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Unetbootin Ubuntu

Unetbootin stands for Universal Netboot Installer. It can be described as a cross-platform utility that can make live USB systems and load a range of system utilities or install several distributions of Linux and other OSes without a CD.
Also, Unetbootin can be used with any type of USB storage device like external hard drives while the main application of this software is to create a bootable USB drive.

Unetbootin does not erase a file because it does not have the ability for formatting our external hard drive or USB flash drive devices. The primary request of Unetbootin is that is the easiest selection of software for several applications that might seem difficult to beginners.

Modes of Unetbootin

Unetbootin Ubuntu

Hard drive install

Hard drive installation mode implements a "frugal" install or network installation without any CD, the same as that implemented by the Win32-Loader. Some distinguishing features of Unetbootin are its support for a wide range of Linux distros, its portability, its capability for loading custom disk image (also ISO image) files, and its support for both Linux and Windows.

Unetbootin installs into a partition, not inside a disk image the same as the Win32-Loader and Unlike Wubi. Thus, making a dual-boot setup between Windows and Linux.

USB install

USB installation mode establishes bootable USB Hard Disk Drives and bootable USB flash drives. It is the creator of Live USB.

  • It is cross-platform (accessible for Mac OS X, Linux, and Windows)
  • Non-destructive install (doesn't format a device) with Syslinux
  • Can load a range of system utilities like BackTrack and Ophcrack
  • Supports several distributions of mainstream Linux such as FreeDOS, NetBSD, FreeBSD, Slackware, MEPIS, Mandriva, Arch Linux, Linux Mint, Gentoo, CentOS, OpenSUSE, Fedora, and Ubuntu.
  • Other OSes can be loaded by hard drive/floppy disk image or pre-downloaded ISO image files
  • Support for LiveUSB persistence (storing files around reboots; this aspect is for the Ubuntu system only)
  • Automatically detects every removable device

Note: More than one install on a similar device is not supported.

Making a standard and full hard disk install if we can't utilize a Live USB
If we wish to make a standard and food installed and cannot utilize a live USB drive as our installer, we can still utilize a frugal install as an installer (with some other works required for partitioning). The particular information of this operation relies on the boot mechanism used by our distribution (as we cannot re-partition our drive while it is mounted). This issue again only comes if we are installing to a hard disk from the frugal install and not if we are installing to a hard disk from the live USB.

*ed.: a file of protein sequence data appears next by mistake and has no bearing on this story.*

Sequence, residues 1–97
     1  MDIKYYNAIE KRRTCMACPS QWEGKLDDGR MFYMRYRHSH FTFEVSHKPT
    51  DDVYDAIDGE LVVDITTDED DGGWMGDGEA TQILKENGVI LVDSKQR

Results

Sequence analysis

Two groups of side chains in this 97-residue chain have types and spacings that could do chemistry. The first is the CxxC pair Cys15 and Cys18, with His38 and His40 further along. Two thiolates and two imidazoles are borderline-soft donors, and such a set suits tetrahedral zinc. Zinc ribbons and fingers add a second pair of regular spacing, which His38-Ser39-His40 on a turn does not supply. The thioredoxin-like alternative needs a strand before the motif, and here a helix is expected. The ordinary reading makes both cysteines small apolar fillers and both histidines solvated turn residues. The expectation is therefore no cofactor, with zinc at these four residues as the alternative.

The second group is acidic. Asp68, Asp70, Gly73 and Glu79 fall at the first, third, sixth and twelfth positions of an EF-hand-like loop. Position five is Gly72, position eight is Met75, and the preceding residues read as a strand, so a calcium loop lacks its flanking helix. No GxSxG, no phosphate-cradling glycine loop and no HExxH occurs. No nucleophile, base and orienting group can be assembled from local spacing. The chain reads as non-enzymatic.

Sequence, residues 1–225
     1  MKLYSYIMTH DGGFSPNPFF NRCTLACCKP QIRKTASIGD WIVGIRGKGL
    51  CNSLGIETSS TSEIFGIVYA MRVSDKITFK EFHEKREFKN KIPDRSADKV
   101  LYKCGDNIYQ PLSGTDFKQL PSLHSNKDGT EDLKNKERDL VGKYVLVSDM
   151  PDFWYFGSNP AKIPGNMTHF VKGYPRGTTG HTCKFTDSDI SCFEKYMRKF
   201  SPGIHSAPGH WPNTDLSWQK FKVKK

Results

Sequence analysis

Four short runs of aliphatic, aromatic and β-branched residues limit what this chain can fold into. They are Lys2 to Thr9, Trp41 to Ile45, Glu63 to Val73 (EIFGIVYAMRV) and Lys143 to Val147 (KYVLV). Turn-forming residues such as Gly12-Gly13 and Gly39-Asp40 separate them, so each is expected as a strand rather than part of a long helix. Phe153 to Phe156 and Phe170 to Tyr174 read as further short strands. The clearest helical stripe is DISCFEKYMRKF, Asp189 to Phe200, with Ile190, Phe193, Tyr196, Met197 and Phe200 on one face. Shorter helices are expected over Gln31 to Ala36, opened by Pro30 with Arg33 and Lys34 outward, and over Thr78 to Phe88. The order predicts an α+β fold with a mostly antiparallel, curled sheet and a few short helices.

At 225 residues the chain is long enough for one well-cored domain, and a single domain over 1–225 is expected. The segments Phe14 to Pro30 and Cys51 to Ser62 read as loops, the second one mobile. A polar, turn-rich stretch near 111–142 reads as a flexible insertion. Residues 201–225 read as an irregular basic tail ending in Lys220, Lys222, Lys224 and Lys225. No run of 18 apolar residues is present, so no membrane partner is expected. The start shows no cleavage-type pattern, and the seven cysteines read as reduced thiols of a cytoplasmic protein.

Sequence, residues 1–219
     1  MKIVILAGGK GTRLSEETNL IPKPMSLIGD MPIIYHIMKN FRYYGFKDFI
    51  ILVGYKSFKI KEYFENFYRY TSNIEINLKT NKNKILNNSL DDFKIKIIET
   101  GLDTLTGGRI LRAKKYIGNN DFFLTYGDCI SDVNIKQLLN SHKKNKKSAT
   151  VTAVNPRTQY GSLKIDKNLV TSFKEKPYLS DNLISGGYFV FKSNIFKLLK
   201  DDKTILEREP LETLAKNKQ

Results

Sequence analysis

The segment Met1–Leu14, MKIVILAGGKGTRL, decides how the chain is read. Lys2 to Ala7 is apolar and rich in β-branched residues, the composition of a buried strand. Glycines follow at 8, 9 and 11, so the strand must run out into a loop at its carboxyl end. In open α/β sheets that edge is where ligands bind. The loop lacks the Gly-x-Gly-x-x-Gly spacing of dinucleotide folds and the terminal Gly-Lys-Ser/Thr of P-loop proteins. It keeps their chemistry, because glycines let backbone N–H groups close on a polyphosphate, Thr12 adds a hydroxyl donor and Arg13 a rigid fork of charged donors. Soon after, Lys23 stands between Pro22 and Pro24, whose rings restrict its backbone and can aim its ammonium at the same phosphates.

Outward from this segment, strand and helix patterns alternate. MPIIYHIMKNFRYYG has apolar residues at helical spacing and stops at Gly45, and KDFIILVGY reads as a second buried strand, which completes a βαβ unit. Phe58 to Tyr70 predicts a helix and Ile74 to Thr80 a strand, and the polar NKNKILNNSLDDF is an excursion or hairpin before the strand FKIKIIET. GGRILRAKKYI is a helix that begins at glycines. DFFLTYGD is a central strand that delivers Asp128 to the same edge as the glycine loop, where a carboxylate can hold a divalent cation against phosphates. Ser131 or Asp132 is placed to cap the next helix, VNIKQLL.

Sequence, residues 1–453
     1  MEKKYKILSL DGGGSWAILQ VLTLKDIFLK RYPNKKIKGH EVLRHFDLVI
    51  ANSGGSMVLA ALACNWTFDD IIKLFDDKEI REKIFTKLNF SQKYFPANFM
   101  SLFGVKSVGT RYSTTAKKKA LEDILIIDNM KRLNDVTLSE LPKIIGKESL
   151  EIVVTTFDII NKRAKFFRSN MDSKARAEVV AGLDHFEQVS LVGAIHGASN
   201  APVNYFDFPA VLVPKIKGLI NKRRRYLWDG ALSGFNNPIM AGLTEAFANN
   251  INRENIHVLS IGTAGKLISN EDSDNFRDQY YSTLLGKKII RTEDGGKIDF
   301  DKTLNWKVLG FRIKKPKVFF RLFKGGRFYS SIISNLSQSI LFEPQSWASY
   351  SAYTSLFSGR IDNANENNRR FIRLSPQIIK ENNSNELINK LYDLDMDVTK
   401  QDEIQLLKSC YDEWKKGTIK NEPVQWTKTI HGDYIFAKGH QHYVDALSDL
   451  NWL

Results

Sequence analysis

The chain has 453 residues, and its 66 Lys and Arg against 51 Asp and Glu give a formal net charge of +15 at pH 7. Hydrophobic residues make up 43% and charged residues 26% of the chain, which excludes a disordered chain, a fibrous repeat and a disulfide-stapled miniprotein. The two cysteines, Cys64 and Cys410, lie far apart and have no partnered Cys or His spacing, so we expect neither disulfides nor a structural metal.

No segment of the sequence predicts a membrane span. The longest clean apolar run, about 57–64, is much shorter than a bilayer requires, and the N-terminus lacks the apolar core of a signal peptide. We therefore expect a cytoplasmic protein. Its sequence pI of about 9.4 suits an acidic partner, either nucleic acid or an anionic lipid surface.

Let's first differentiate between two isolated kinds of distributions:

  • Distributions that require excess to the source medium: These types of distributions will require access to the source medium (our hard drive in this case) while they are running. As such, our hard drive partition will stay mounted while the distro is running and we would not be able for re-partitioning it. The installer ISO files and Live-CD for basically every major distros, including Sabayon, Linux Mint, Fedora, and Ubuntu belong to this type.
    If we are simply attempting to install the mini-distribution that is loaded into RAM entirely or will be applying the netboot installer for Debian and Ubuntu instead of the standard ISO of the desktop, then we do not need to read further.
  • Distributions loaded into RAM entirely: These types of distributions load everything inside the RAM and directly run from there. It stays unmounted since they do not require to access our hard drive partition and hence, we are free for re-partitioning our hard drive (with the Gparted or installer) while they're running.

These distributions tend to be minor distributions like DSL, Puppy Linux, SliTaz, and Parted Magic. Some distributions, such as PCLinuxOS, also contain an option, i.e., copy2ram boot that will enable them to behave like this. The netboot installers of Debian and Ubuntu also run from RAM entirely (but the standard server, desktop, and alternate installers don't).

Re-partitioning with Parted Magic

We need to first start Unetbootin and use the install mode, i.e., Hard Disk for installing Parted Magic. Restart and choose the option, i.e., Unetbootin boot for booting into the Parted Magic. Then, we need to run the partitioner using Parted Magic and shrink our Windows partition (resize instead of removing our Windows partition even if we do not wish to dual-boot because we will require something for Unetbootin to execute from; we can remove it later).